For one thing, you are legally authorized to log the flight time which will follow you the rest of your career! Yup…when it’s time to get your Airline Transport Pilot certificate that hour of dual you gave to someone way back when will still count toward the 1,500 hours you need now for your ATP.

Another benefit of holding a CFI certificate is what it says to a prospective employer and even what it can mean off in the future after you are a captain on a Boeing 777. To a prospective employer a CFI says…no, SHOUTS…that you are dedicated beyond just meeting the minimum requirements to be a pilot. It says that you are serious about your aviation career. Professionalism and attitude always mean a great deal to a prospective employer.

But let’s get back to that future day when you’re in the left-seat of a Boeing 777. Does a CFI certificate qualify you for such a position? Of course not. But what it does do is meet one of the requirements for becoming an instructor or check airman for that airline. In the corporate environment it is also very helpful to become an aviation manager, director of operations or chief pilot because one of your tasks will be to qualify your pilots and you’ll likely need a CFI certificate to do this.

The Certified Flight Instructor Certificate

Other than the FAA medical certificate, the CFI is the only certificate that is issued with an expiration date. The valid period for a CFI certificate is 2 years whereas you know that your pilot’s license is good for life. What happens when the 2 years are up? First you must complete a CFI renewal course no more than 3 months prior to the expiration of your CFI certificate in order to renew it. This may be accomplished in a number of different ways. Some prefer to attend one of the CFI renewal clinics sponsored by many organizations throughout the country. Others prefer to complete the entire course online or via correspondence. The important thing to remember is that the actual course completion and application for renewal cannot be more than 3 months before your CFI expires. You will hear a lot of grumbling from CFIs about this requirement but the fact is that aviation and regulatory policies are changing constantly and this is an important way of keeping up with the information you need to be a flight instructor. There are other ways to renew a CFI certificate that are less popular such as taking another check-ride but the CFI refresher course is most favored. Other “freebies” for renewing your CFI certificate include obtaining an additional instructor rating on an existing CFI certificate (i.e. you hold a CFI-Airplane and then get a CFII instrument instructor rating) or by signing off 10 people for check-rides during the previous 2 years with an 80% pass rate on first attempt. Often the FAA principal operations inspector for an air carrier will renew a CFI just on the basis of knowing someone who is an instructor for that airline.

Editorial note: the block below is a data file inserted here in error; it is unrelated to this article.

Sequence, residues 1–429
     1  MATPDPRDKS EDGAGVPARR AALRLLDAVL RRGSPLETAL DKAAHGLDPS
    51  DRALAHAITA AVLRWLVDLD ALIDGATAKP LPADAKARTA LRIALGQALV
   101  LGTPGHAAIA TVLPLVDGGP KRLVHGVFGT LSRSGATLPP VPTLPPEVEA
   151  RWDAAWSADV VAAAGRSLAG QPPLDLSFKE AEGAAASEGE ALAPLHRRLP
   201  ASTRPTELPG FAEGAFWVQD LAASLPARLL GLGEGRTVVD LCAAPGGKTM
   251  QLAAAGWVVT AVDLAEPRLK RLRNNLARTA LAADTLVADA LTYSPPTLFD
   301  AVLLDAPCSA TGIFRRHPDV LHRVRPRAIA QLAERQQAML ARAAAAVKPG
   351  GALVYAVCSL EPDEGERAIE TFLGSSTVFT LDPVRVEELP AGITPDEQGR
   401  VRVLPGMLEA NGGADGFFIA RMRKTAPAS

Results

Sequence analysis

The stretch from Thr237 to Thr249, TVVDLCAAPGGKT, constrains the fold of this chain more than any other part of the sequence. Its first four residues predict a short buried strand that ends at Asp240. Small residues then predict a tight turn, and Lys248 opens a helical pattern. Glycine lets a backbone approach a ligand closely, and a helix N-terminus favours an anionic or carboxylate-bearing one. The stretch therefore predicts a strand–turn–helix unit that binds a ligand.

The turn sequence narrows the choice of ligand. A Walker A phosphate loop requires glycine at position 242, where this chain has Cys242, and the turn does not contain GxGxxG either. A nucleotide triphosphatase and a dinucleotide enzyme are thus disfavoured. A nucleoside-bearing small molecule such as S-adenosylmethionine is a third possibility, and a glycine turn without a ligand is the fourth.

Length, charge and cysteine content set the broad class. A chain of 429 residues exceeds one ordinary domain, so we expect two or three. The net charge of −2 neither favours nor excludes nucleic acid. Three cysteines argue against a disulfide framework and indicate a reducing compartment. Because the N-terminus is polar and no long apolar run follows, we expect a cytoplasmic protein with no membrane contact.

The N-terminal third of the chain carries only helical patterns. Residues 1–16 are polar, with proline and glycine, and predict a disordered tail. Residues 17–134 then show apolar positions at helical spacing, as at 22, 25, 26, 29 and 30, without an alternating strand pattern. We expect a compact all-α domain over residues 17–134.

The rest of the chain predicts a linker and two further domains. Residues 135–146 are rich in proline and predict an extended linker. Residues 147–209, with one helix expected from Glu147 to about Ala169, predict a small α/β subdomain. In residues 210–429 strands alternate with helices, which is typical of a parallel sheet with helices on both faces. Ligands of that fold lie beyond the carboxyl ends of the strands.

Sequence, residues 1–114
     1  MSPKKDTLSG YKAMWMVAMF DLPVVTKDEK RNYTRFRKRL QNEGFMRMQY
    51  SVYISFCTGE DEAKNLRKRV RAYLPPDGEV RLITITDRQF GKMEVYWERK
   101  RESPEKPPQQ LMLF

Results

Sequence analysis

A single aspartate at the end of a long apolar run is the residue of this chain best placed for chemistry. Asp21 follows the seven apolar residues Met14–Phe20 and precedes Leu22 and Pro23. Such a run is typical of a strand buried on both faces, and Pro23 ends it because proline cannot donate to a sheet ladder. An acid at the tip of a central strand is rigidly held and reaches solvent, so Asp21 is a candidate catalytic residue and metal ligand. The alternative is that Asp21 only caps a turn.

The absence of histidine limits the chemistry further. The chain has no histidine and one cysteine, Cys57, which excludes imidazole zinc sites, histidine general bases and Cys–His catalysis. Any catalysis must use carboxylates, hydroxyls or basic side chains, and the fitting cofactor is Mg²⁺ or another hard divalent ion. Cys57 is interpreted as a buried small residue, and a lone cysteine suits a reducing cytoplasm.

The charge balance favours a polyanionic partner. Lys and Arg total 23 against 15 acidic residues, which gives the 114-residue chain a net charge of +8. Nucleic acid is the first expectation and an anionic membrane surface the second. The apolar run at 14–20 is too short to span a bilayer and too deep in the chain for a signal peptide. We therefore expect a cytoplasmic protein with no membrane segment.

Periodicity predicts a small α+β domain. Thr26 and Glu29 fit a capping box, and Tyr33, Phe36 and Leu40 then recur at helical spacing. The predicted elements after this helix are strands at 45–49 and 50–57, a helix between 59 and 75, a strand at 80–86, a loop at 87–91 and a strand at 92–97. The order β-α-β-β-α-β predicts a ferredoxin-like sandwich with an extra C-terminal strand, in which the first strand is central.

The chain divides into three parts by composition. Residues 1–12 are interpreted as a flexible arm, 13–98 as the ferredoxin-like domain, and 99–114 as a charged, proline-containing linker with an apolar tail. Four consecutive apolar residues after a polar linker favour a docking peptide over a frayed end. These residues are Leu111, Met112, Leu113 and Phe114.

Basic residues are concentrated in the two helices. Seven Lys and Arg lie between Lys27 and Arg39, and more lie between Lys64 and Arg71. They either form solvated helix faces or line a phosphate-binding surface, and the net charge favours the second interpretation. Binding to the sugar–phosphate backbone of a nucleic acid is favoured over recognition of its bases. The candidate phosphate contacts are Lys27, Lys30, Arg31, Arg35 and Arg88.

Can anyone become a certified flight instructor? You bet! All you need is a commercial license and instrument rating. In fact some people have taken their commercial pilot check-ride from the right seat and were awarded not only their commercial license but also a CFI-Airplane following that single check-ride!

Another economic nicety is that you can legally give flight instruction holding only a 3rd class FAA medical certificate! In the event that a CFI is teaching an already-licensed pilot who holds a medical you do not need any medical certificate at all!

Whether you are motivated to plunge in fully to build flight time leading to a career or if you like the idea of flying but cannot really afford to do it, flight instruction can provide a solution for both. We’re hearing a lot today about a pilot shortage however the shortage of flight instructors cuts even deeper. There are so many opportunities for CFIs working either full or part time for established flight schools. Many CFIs prefer to remain independent and give instruction without affiliating with any flight school. Sometimes instructors find a comfortable situation with someone who has bought an airplane and prefers to have a certified flight instructor riding along with them. And the beauty of it all is that you are paid doing what you love to do!